Thursday, October 29, 2009

Southeast Asian films to screen in My Dear ASEAN at Thammasat

Films from Burma, Cambodia, East Timor and Laos -- countries not often or ever heard from when it comes to the region's cinema -- will be featured alongside dramas and documentaries from Indonesia, Malaysia, Singapore, Thailand and Vietnam in "My Dear ASEAN", a film series put on by the Southeast Asian Studies program at Thammasat University in Bangkok.

The Thai entry will be Aditya Assarat's Wonderful Town.

The series starts on Friday, October 30, and runs on Fridays and Saturdays until December 4. Each screening will be followed by commentary from scholars and experts. The show time is at 1pm. Here's the lineup:

  • October 30 -- Burma VJ, 2008, directed by Anders Østergaard (Denmark/Sweden/Burma) with commentary by Soe Aung. This documentary covers the efforts of Joshua, a Burmese video journalist based in Chiang Mai who funnels video footage from his cell of reporters out of the closed country of Burma during the 2007 uprising by Buddhist monks.
  • October 31 -- Un Soir Apres La Guerre (One Evening After the War), 1998, directed by Rithy Panh (Cambodia) with commentary by Songyote Waehongsa. After the fall of the Khmer Rouge and the end of the Cambodian Civil War, a former soldier struggling to return to normal life hampers that effort by falling in love with a 19-year-old Phnom Penh bar girl.
  • November 6 -- My Magic, 2008, directed by Eric Khoo ( Singapore) with commentary by Kamjohn Louiyapong. An alcoholic magician wants to change his life in order to better care for his 10-year-old son.
  • November 7 -- Bagong Buwan (New Moon), 2001, directed by Marilou Diaz-Abaya (Philippines) with commentary by Sirote Klampaiboon. A look at the Estrada regime's war against the secessionist group Moro Islamic Liberation Front.
  • November 13 -- Nerakhoon, directed by Ellen Kuras and Thavisouk Phrasavath (U.S./Laos) with commentary by Charnvit Kasetsiri. Twenty-three years in the making, the American cinematographer Kuras doggedly sticks with her friend Thavisouk in telling the story of his family and their flight from Laos to refugee camps in Thailand and eventually to life the U.S.
  • November 14 -- Wonderful Town, 2007, directed by Aditya Assarat(Thailand) with commentary by Benedict Anderson. This award-winning romantic drama is set in the small isolated coastal town of Takua Pa in Pang-nga province, which was hit hard by the 2004 tsunami and the pain of that disaster still lingers. The story follows a young architect and his budding relationship with the young woman who runs a small hotel.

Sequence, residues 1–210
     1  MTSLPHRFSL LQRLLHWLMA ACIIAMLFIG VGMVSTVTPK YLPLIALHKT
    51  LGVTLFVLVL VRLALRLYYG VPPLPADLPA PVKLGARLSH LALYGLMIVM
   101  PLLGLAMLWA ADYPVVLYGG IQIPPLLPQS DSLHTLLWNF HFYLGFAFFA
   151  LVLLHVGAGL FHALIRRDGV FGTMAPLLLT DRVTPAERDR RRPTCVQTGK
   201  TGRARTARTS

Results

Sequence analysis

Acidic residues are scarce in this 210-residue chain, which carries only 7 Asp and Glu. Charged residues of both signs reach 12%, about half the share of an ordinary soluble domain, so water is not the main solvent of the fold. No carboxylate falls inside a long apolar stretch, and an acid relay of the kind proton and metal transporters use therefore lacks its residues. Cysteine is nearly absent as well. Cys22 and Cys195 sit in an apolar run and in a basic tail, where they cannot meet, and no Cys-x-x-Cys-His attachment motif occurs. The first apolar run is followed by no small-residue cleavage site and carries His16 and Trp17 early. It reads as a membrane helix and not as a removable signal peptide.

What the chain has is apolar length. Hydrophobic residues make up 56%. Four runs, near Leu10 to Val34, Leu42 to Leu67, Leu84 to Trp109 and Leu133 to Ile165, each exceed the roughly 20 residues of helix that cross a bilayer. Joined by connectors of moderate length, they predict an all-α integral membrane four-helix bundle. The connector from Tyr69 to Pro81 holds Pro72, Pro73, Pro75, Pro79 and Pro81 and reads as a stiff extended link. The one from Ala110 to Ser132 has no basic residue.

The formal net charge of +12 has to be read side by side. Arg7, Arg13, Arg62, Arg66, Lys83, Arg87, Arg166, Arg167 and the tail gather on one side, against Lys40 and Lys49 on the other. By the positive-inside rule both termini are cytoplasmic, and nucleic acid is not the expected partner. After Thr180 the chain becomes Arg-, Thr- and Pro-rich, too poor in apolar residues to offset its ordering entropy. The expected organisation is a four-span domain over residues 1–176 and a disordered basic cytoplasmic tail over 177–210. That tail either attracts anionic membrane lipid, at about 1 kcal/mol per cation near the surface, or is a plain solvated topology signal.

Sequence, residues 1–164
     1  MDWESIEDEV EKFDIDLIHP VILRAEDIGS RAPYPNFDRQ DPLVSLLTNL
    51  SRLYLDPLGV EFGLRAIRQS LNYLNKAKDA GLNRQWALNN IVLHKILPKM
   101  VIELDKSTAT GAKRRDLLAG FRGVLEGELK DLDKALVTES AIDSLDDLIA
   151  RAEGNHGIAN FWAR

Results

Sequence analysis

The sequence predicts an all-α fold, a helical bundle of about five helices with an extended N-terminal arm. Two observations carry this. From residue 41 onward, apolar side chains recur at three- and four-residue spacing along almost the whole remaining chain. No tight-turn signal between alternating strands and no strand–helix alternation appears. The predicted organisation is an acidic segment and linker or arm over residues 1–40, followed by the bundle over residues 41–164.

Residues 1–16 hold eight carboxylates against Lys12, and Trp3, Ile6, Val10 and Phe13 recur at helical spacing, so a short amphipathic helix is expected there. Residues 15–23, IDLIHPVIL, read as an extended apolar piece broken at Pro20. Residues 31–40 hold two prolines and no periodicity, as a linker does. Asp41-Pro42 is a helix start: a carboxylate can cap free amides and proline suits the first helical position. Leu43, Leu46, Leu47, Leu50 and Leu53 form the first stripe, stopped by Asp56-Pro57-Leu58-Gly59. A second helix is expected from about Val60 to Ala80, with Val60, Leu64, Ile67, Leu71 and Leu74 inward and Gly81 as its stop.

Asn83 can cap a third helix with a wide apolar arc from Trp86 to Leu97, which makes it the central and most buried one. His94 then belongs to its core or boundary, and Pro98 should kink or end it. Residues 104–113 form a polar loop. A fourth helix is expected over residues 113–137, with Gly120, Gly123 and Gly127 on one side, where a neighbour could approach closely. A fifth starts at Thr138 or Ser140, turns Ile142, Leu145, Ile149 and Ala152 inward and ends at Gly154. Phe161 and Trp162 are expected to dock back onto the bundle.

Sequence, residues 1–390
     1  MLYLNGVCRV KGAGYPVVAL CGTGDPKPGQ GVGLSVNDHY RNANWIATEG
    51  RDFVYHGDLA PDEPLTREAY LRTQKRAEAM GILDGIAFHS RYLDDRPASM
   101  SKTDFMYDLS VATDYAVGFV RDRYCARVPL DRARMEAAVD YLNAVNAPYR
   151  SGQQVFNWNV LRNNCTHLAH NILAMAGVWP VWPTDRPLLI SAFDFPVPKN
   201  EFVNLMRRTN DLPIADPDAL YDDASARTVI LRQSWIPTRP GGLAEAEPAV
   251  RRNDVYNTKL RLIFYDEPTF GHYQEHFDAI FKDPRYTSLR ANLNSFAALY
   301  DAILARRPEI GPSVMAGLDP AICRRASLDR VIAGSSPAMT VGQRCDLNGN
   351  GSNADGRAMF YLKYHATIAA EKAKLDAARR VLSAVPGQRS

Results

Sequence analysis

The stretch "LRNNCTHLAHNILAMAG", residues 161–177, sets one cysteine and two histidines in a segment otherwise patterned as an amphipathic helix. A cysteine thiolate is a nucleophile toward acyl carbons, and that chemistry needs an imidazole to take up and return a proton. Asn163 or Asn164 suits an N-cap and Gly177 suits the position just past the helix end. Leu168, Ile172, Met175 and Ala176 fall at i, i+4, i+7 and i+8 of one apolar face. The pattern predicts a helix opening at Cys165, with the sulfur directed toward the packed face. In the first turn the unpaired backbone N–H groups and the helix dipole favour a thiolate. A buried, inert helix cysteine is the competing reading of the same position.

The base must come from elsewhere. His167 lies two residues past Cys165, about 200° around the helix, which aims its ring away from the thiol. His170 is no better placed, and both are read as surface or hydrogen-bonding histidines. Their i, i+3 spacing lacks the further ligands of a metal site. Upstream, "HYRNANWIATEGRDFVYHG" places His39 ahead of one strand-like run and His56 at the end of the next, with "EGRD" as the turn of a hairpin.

• November 20 -- The Rainbow Troops (Laskar Pelangi), 2008, directed by Riri Riza (Indonesia) with commentary by Onanong Thippimol. This drama is about a schoolteacher and the 10 boys she inspired in a poverty-stricken island village.
  • November 21 -- Journey from the Fall, 2006, directed by Ham Tran (U.S./Vietnam) with commentary by Sriprapha Petcharamesree. A South Vietnamese family is separated after the Fall of Saigon in 1975, with the husband imprisoned in a re-educational camp while the rest of the family becomes refugee "boat people".
  • November 27 -- The Last Communist (Lelaki Komunis Terakhir, 2006, directed by Amir Muhammad (Malaysia) with commentary by Supalak Ganjanakhundee. This hilarious musical documentary takes a whimsical look at the life of Malaysian communist leader Chin Peng and the places he used live. It's been shown at festivals around the world but paradoxically remains banned in Malaysia.
  • November 28 -- Long Road To Heaven, 2007, directed by Enison Sinaro (Indonesia) with commentary by Chayanit Poonyarat. This drama looks at the tragedy of the 2002 Bali Bombing from different points of view.
  • December 4 -- A Hero’s Journey, 2007, Grace Phan (Singapore/Timor Leste) with commentary by Saranarat Kanjanavanit. This biographical documentary is about Xaxana Gusmao and his struggle to make East Timor an independent country.

The screenings will be in the Rewat Buddhinan Room, Floor U2, in the Pridi Banomyong Library at Thammasat University's Tha Prachan Campus.

(Via Limitless Cinema in Broken English and Matichon; and thanks to Graiwoot!)

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